If You Need to Go to the Hospital 39
A blood transfusion may be given in an emergency, when you have lost a lot of
blood. It can save your life. But if the blood has not been tested properly, it can
carry diseases, such as hepatitis or HIV, that are spread through the blood. Avoid
blood transfusions except in cases of life or death emergencies.
If you must have an operation that you know about ahead of time, see if it is
possible to have some of your own blood taken in advance and stored at the
hospital. Then if you need it, you will get your own blood back. If you cannot have
your own blood stored, ask a friend or relative to come with you to the
hospital. Be sure she has been tested recently for hepatitis and HIV,
and that neither she nor her partner has had a new sex partner in
the last 3 months. Her blood must also be tested to make sure that
it will work in your body.
If you must receive blood from an unknown person
and the hospital does not test its blood for HIV, there
is a risk that you might become infected. After the
transfusion, protect your partner by practicing safer
sex for 3 months and then try to get tested for HIV.
For more information, see the chapters on “HIV” and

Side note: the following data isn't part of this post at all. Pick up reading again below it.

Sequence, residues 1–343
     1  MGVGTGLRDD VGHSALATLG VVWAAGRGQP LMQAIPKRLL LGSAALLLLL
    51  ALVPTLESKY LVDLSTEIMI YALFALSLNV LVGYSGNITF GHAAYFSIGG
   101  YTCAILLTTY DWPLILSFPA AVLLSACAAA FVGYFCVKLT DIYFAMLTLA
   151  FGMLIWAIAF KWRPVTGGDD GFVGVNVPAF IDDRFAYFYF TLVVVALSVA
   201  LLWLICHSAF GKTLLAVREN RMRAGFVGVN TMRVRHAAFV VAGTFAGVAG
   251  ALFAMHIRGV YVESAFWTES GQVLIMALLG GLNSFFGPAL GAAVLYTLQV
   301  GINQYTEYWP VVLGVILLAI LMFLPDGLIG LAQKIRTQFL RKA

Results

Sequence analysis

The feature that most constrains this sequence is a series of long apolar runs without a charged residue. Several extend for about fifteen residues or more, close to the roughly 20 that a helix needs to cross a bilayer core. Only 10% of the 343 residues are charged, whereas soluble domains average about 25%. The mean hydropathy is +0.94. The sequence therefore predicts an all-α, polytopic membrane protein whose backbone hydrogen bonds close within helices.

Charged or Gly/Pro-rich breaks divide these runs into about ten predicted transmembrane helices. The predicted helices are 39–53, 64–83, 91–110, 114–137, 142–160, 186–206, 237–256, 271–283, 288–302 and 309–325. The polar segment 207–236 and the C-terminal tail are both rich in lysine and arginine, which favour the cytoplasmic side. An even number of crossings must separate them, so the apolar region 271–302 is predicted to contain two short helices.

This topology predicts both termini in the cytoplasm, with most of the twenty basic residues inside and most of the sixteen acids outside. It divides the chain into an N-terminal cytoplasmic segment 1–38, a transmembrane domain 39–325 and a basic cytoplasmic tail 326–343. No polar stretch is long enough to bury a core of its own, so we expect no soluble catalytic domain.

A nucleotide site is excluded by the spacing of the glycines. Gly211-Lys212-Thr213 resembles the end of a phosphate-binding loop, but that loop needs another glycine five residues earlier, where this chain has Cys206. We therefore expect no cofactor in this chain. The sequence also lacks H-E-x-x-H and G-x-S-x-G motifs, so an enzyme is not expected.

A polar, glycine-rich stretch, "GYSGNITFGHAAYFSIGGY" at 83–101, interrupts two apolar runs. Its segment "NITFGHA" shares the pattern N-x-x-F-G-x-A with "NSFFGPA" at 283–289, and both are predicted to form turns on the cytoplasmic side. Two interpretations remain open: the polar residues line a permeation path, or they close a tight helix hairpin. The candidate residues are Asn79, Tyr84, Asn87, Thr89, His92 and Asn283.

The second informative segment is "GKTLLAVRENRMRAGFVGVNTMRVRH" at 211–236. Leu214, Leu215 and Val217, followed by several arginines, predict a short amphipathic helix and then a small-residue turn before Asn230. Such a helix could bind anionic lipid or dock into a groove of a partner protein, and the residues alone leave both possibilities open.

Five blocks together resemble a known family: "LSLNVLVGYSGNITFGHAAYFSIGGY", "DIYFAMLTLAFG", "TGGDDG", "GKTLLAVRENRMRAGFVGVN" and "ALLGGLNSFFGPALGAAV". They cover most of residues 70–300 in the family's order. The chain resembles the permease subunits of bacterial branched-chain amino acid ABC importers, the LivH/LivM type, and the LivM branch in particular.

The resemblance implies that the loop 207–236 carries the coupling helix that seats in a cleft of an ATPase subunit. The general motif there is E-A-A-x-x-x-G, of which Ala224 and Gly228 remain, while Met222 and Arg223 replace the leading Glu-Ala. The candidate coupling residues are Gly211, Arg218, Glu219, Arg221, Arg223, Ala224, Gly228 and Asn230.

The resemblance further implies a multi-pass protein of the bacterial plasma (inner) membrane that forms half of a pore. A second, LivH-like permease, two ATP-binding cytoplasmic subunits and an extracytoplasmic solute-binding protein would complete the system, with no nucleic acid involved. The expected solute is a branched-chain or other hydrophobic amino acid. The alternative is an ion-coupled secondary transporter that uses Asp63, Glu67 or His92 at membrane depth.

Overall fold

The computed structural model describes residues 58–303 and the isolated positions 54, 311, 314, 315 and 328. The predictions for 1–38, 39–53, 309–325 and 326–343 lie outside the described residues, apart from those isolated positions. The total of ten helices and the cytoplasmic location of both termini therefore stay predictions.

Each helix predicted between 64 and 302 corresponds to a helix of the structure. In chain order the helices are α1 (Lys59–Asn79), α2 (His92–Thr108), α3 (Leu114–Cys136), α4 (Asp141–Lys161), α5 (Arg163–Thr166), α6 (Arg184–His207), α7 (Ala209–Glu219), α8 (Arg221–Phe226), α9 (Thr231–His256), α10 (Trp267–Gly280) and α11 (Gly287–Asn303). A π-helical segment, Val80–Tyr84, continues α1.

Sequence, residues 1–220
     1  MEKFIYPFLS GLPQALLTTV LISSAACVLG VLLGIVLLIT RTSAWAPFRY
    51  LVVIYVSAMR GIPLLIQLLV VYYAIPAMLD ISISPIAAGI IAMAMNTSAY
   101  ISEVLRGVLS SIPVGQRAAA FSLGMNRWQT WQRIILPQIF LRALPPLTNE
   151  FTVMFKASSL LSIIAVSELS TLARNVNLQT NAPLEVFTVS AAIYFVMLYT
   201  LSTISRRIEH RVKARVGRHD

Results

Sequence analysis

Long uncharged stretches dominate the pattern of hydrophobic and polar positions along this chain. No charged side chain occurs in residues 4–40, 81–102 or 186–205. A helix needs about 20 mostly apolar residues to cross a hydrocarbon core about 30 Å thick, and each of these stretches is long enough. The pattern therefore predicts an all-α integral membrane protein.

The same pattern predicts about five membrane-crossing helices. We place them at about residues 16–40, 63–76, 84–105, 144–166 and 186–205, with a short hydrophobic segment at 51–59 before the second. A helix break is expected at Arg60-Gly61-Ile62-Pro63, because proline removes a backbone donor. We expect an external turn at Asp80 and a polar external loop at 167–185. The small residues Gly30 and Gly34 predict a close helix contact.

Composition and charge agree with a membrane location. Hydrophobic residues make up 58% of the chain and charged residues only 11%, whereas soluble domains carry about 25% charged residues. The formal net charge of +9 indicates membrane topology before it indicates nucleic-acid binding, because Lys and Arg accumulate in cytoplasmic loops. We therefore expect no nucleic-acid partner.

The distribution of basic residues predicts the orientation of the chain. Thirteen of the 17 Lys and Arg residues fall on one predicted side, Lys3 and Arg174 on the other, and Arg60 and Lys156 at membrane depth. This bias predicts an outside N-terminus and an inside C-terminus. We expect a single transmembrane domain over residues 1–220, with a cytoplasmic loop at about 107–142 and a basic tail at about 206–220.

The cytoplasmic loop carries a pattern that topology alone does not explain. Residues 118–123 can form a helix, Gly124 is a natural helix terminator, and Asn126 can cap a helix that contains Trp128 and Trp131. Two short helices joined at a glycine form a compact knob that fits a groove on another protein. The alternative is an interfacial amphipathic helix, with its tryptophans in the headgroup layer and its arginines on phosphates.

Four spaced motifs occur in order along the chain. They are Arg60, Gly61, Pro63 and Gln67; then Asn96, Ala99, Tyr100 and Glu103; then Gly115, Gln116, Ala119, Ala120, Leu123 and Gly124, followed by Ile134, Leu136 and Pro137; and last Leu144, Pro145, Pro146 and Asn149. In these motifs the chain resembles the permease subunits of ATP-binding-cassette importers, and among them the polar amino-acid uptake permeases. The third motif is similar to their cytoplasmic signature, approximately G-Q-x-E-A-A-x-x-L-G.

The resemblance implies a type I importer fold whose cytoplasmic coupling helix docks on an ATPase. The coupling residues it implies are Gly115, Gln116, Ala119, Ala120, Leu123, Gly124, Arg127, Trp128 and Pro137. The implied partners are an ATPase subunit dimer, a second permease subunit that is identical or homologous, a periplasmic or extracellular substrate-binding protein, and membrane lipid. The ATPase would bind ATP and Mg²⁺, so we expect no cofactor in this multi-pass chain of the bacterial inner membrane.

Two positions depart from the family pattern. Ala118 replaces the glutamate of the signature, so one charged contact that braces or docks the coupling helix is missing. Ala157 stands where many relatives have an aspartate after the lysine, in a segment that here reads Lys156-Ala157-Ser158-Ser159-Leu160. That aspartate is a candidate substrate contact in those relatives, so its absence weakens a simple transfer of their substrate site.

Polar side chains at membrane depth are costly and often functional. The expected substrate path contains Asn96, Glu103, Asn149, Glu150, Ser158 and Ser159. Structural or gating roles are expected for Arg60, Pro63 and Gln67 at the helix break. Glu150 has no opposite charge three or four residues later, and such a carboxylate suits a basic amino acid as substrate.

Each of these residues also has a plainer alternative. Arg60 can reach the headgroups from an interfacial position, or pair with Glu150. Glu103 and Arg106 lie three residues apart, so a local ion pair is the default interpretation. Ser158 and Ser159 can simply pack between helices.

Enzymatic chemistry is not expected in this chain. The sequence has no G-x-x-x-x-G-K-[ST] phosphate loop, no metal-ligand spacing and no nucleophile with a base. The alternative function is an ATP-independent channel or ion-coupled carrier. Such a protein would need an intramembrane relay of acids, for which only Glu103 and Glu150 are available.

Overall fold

After you have an operation
Before you leave the hospital, ask:
• What should I do to keep the
• What should I do about pain?
• How long should I rest?
• When can I have sex again? (If you
feel too shy to ask this, perhaps
the doctor or health worker can
talk to your partner.)
• Do I need to see a doctor again?
If so, when?
Eat soft, mild foods that are easy to digest.
To keep your lungs healthy
and prevent pneumonia,
move around if you can. While
in bed, take deep breaths and
try to sit up often.
Rest as much as you can. If you are at home, ask your family
to take care of your daily chores. A few days spent taking care
of yourself can help you get better faster.
Watch for signs of infection: yellow discharge (pus), a bad smell,
fever, hot skin near where you were cut, or more pain. See a
health worker if you have any of these signs.
If your operation was in the abdomen, try not to strain the area
that was cut. Press against it gently with a folded cloth, blanket,
or pillow whenever you move or cough.
Where Women Have No Doctor 2012